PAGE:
Thursday, September 30, 2004


A month's dreary drizzle suddenly cleared to produce a dazzling Sunday. The mountains rimming Taipei basin were clear and shining in their spring greenery, enhanced by the rain. As the noon bus to Wulai reached the outskirts of the city, a man and his son got on. Judging from his hands and look, the father was most likely a machinist, making a living among the shrieking lathes and drills of some crowded little workshop as a radio added to the din. He was of slightly less than medium height, hard and wiry, with teeth stained and corroded by betel. He worked hard, with few luxuries and little leisure. Today was different, though. He had scrubbed his hands and face and put on his slippers and his best pants (the ones with few noticeable grease stains) and was out for a holiday with his son. His son was a bit taller than the father, in his second or third year of junior high school, probably one of his last years of schooling before he got a job like his father's.

Father and son beamed with happiness and excitement. The father announced to the bus driver, "We want to go to Wulai."

"Fine," said the bus driver, reasonably enough.

"How much is the fare?"

"33 for you, 17 for your son."

The father stood a moment in thought. His face cleared as he said, "Fifty all together." The bus driver nodded. The father fished in his jacket pocket and drew out a plastic bag with a fistful of coins. One, two, three, four, five 10NT coins makes fifty, which he carefully deposited in the slot. The driver handed him tickets, which father and son examined carefully. Their eyes were shining as they put the tickets in their pockets.

"We're going to Wulai," said the son.

"We can see the waterfall," said the father, "and take the cable car, and even watch the aborigines dance." Both turned their heads to the bus driver, clearly an aborigine.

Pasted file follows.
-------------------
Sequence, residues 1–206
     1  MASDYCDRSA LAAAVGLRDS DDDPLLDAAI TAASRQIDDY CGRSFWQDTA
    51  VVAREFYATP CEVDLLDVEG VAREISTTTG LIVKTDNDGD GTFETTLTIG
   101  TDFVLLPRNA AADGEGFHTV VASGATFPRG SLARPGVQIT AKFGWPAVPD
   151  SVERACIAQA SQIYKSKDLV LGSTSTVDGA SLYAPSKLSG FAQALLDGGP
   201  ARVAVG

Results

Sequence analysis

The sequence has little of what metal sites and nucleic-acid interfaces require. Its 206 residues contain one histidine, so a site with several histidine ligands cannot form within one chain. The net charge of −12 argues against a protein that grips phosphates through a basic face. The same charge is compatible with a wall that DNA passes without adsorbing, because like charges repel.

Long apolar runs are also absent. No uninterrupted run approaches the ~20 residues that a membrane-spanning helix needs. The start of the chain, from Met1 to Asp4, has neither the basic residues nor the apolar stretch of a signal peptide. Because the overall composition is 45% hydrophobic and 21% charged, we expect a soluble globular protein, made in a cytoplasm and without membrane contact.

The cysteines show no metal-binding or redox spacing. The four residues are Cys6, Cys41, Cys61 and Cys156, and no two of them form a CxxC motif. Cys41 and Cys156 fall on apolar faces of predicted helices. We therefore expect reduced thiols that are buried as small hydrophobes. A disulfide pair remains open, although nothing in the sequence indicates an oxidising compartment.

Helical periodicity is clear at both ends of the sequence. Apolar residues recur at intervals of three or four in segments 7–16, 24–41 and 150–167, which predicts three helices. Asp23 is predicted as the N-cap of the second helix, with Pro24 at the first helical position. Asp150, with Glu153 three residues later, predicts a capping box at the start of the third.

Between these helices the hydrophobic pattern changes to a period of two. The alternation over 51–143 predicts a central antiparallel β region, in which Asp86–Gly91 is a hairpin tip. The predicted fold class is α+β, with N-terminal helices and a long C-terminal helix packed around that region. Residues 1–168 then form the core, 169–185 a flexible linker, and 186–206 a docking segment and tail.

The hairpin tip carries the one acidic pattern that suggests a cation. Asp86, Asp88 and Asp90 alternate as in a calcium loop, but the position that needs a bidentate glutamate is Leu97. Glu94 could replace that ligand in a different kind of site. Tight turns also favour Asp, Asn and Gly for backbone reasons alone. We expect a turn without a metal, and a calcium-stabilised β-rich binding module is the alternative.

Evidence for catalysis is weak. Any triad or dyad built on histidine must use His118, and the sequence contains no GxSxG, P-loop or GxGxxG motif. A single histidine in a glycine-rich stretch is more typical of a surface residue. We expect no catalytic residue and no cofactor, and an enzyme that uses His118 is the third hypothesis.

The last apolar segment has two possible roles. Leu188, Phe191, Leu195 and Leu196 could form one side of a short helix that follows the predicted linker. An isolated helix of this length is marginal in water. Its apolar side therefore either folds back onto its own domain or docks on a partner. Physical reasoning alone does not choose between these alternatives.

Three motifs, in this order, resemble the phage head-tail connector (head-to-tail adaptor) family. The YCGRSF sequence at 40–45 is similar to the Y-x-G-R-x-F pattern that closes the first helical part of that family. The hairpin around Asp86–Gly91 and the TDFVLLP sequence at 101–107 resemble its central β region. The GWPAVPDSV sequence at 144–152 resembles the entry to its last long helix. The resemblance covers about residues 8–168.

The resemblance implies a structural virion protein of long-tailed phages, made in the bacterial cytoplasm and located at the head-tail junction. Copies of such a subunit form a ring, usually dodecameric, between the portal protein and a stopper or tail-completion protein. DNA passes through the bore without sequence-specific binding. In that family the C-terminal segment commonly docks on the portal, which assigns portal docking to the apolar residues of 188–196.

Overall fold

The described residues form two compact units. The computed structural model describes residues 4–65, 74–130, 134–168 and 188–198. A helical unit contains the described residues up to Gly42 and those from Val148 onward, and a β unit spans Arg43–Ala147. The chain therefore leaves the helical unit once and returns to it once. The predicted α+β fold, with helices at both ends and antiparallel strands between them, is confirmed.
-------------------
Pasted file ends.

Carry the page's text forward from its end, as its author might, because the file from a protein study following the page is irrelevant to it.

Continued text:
The son nudged his father, looking curiously, but shyly, at a Westerner chatting lazily with the driver. "No, that was just after they got married, so it would have been only about two years ago," he was saying. The boy may never have seen a foreigner from so close up before.

They sat down, forward and back, and glued their noses to the windows. Wulai has some of the most superb mountains in an island noted for scenic beauty. Thick vegetation hides the practically vertical flanks of the mountains that rise sheer from the river bed, not high, but mighty, powerful for all that they rise only several hundred feet. A vigorous river winds next to the road.

They swayed with the bus making its way towards its destination. At one turn, the father and son suddenly looked at each other.

"Fishing," the father breathed, grinning.

"Fishing," his son repeated, as one who has been granted a glimpse of another realm.

The bus finally reached Wulai. The father and son were the last to leave the bus before the foreigner, still chatting with the driver. The father carefully asked, "What time is the last bus back to the city?"

"9:30," answered the driver. "There's one every half hour between 5 and 9:30.”

"Which way is the waterfall?”

"That way," pointed the driver. "If you’re not in any hurry to get back to the city, be sure to stick around, because tonight we're having a show, Aborigine Night.”